The police came to my home to investigate for a “crime scene”. It was the protocol for a death at home without a doctors supervision…
He wasn’t raised from the dead. There were no miracles to make this foolish nightmare end. The life was never returned to him and his blood began to flow out of his untied umbilical cord. I heard David’s broken voice in the distance say, “It’s over Jame. Let it go.”
All I remember was a weight so heavy upon my chest I felt I couldn’t breathe. I couldn’t feel this, life has been good . Happy. My babies are my life. Dave’s life. This dark place was someplace I couldn’t go. I refuse. I went through the motions without tears – I needed a shower to remove the blood and I was too weak to stand – Dave had to help me. Tie the cord, wash the baby, dress him in the little gown I had just sewed for him as his welcome to our family. “I want pictures.” “A lock of hair.” “No,” I was encouraged by the women attending, I would remember what he looks like. No pictures. No hair. It was alright they said, it would all be sealed in my memory. He had been weighed, measured, head circumference. He was beautiful- and big. At almost 12 pounds, and over 22 inches long he looked 3 months old at birth. He was perfect with lots of thick dark hair. That’s all I can remember. It was a lie – I no longer remember what he looked like. But I see him through the eyes of faith being held by the unseen God I see through those same eyes.
Many don’t believe that there is a God, or that He is sovereign over our life, but I do. Life is like a beautiful symphony full of happy measures as well a heartbreaking ones, but God is always a vital part of the piece. Sometimes I feel like He is the Conductor and every note is played according to his hand; other times he may be a prominent piano, or the Concertmaster leading with His mournful violin – but He is present.
It was about 10:30 at night and we had to take care of our son. Dave called a funeral parlor not knowing what else to do, or who to turn to. I didn’t know it was a crime scene, I didn’t know that there would be a state detective, the coroner, and a state’s attorney, along with the funeral director – but God did, and is this concerto he conducted the players.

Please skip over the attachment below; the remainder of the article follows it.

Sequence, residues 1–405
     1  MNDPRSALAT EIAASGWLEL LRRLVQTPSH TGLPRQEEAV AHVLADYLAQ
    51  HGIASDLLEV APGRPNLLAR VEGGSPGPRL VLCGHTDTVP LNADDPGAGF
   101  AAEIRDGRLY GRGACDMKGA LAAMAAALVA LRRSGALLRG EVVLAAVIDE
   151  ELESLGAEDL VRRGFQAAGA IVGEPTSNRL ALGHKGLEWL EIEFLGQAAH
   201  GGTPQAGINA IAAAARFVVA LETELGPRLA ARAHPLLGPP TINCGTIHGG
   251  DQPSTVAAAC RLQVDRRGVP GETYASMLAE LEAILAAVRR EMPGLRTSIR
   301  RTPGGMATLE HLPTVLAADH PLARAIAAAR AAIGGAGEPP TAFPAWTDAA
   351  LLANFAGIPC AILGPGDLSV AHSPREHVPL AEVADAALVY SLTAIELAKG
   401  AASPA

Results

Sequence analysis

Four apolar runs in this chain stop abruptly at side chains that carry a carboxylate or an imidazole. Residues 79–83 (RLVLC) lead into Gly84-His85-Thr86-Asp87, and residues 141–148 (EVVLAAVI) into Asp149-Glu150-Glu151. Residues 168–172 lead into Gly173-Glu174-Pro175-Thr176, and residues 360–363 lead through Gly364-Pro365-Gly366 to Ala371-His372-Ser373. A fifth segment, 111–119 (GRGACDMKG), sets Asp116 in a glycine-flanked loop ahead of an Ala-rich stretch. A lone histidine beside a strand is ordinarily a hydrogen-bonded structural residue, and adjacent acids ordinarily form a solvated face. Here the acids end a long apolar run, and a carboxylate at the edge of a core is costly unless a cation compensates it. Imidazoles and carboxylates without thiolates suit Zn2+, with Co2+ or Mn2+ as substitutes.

The detective came in and kneeled in front of me as I cradled Micaiah in my arms. I vaguely remember him telling me he was sorry for my loss. He apologized for having to ask me questions and for bringing the others with him explaining to me about the crime scene. He told me he understood what I was feeling because he had buried his two year old daughter just a few months previous. I told him his daughter was with Jesus. I spoke to him about the hope I had of spending eternity with my son and that he could see his baby daughter someday too if he knew Jesus. Someone else was speaking the words while I watched it happen from a place outside myself. Surreal. Shock. In my heart I’ve always known it to be true, but in my flesh, nothing was real. I asked him questions about the crime scene – about what they looked for. He reassured me that he could see by our play room, our homeschool classroom, and our family pictures, that we loved our children; he told me we weren’t suspect and reassured me it was OK. And then it was time.
That’s when Dave asked if he could carry our son to the waiting hearse – that is when I heard the piercing scream in the room and realized it was my own. That was the first time I saw a shadow fall upon David’s face; a shadow I would come to recognize as the burden of believing he had failed. He had failed his son. He had failed his family. Life was never going to be the same.
“We now have this light shining in our hearts, but we ourselves are like fragile clay jars containing this great treasure. This makes it clear that our great power is from God, not from ourselves.” 2 Cor. 4:7 NLT
Note: Our story is a message of the Light out of darkness. Life has never been the same for David and I or our children, but it has been life and it has been good. God has walked beside us every step, every pain, and every trial. I love Him more each day as the reality of the cross becomes crystal clear. Even when we fail at our instrument, He is there to hold our hand upon the bow and give us the music. In our weakness He is made strong. When others forsake us, He is our constant companion. There is a light at the end of the tunnel and though we may stumble and fall, the light will get brighter if we just keep moving forward one step at a time.